The international community endorsed the vision of a prosperous state presented by the Government. They strongly commended the government leadership of the process and agreed that the key was international ownership of, and support for, the government's program and vision. In this regard the donors commended the government taking the lead in the coordination of assistance and agreed that individual donors may need to subordinate their sectional interests to meet the broader development goals of Afghanistan.

They noted the benefits of the programmatic approach adopted by the government and the comprehensive coverage of the program structure. Several donors reiterated the comments made in Kabul that there was now no reason for donors to fund programs outside the Government's program structure. They also commended the government for its budget process and the way it has faced up to the difficult budget trade-offs.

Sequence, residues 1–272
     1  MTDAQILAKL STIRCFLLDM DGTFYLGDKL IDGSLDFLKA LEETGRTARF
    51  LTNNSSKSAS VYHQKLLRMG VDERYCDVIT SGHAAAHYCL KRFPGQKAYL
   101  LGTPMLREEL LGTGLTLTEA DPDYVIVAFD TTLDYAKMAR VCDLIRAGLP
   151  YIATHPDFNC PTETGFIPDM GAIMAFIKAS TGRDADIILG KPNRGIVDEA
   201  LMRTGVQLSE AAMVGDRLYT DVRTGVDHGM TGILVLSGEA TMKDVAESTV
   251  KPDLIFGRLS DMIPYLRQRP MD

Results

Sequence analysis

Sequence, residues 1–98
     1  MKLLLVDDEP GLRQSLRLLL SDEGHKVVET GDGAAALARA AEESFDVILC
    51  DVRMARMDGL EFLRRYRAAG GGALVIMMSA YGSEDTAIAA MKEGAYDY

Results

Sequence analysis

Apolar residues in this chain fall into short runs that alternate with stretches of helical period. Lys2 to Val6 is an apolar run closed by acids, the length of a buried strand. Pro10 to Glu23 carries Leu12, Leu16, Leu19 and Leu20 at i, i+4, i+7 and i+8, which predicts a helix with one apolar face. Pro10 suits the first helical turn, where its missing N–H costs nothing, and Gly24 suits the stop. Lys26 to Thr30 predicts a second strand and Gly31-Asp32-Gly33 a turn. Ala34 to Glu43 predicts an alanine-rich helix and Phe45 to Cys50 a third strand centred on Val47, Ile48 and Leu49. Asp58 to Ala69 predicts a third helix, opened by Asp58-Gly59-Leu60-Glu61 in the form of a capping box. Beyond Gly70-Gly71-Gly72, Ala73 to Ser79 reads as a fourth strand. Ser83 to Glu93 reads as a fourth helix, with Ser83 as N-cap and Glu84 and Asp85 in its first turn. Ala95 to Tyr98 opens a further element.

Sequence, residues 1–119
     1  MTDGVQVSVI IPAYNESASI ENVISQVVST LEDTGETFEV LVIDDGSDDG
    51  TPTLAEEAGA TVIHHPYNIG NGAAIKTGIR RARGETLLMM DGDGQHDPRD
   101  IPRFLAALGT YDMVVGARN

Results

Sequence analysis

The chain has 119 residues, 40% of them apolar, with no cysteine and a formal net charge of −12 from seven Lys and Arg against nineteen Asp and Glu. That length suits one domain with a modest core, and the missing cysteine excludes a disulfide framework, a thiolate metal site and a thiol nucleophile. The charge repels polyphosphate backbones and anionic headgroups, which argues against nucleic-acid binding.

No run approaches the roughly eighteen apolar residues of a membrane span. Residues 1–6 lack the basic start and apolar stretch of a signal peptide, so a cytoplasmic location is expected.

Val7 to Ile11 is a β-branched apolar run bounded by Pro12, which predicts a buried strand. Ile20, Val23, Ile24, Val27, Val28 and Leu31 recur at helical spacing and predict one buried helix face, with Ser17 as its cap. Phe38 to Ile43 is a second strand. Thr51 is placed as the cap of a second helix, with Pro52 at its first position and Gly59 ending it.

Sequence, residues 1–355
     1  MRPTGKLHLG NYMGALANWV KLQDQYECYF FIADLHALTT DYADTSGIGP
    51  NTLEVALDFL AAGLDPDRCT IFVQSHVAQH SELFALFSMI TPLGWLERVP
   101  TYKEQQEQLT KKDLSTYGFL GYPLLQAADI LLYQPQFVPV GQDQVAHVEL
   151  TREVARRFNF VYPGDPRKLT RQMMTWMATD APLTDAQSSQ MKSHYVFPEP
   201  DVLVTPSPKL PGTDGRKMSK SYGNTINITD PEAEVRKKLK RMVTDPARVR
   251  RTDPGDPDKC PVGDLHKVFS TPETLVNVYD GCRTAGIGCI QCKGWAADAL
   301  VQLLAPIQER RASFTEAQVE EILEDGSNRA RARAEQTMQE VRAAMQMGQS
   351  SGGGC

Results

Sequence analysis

The international community strongly supported the roadmap the government outlined for reforms in the financial, administrative, judicial, socio-economic and security sectors. They noted that binding conditionalities where applied as part of the Bonn process. In the case of reform in each of these five areas the international community would look to the Government to provide a timebound action plan to deliver on their own reform goals. With such a plan, the international community would be in a position to ensure that the modalities of their support to Afghanistan reinforced the reform efforts in these sectors, and would monitor progress towards the agreed upon goals.

Participants highlighted the challenges that the Government faced in the security sector. They expressed concerns about the pace of reform in this sector particularly as it will either underpin or undermine reforms in the other four areas. They raised the possibility of developing new mechanisms through which the international community could play a greater role in monitoring the progress in this key area.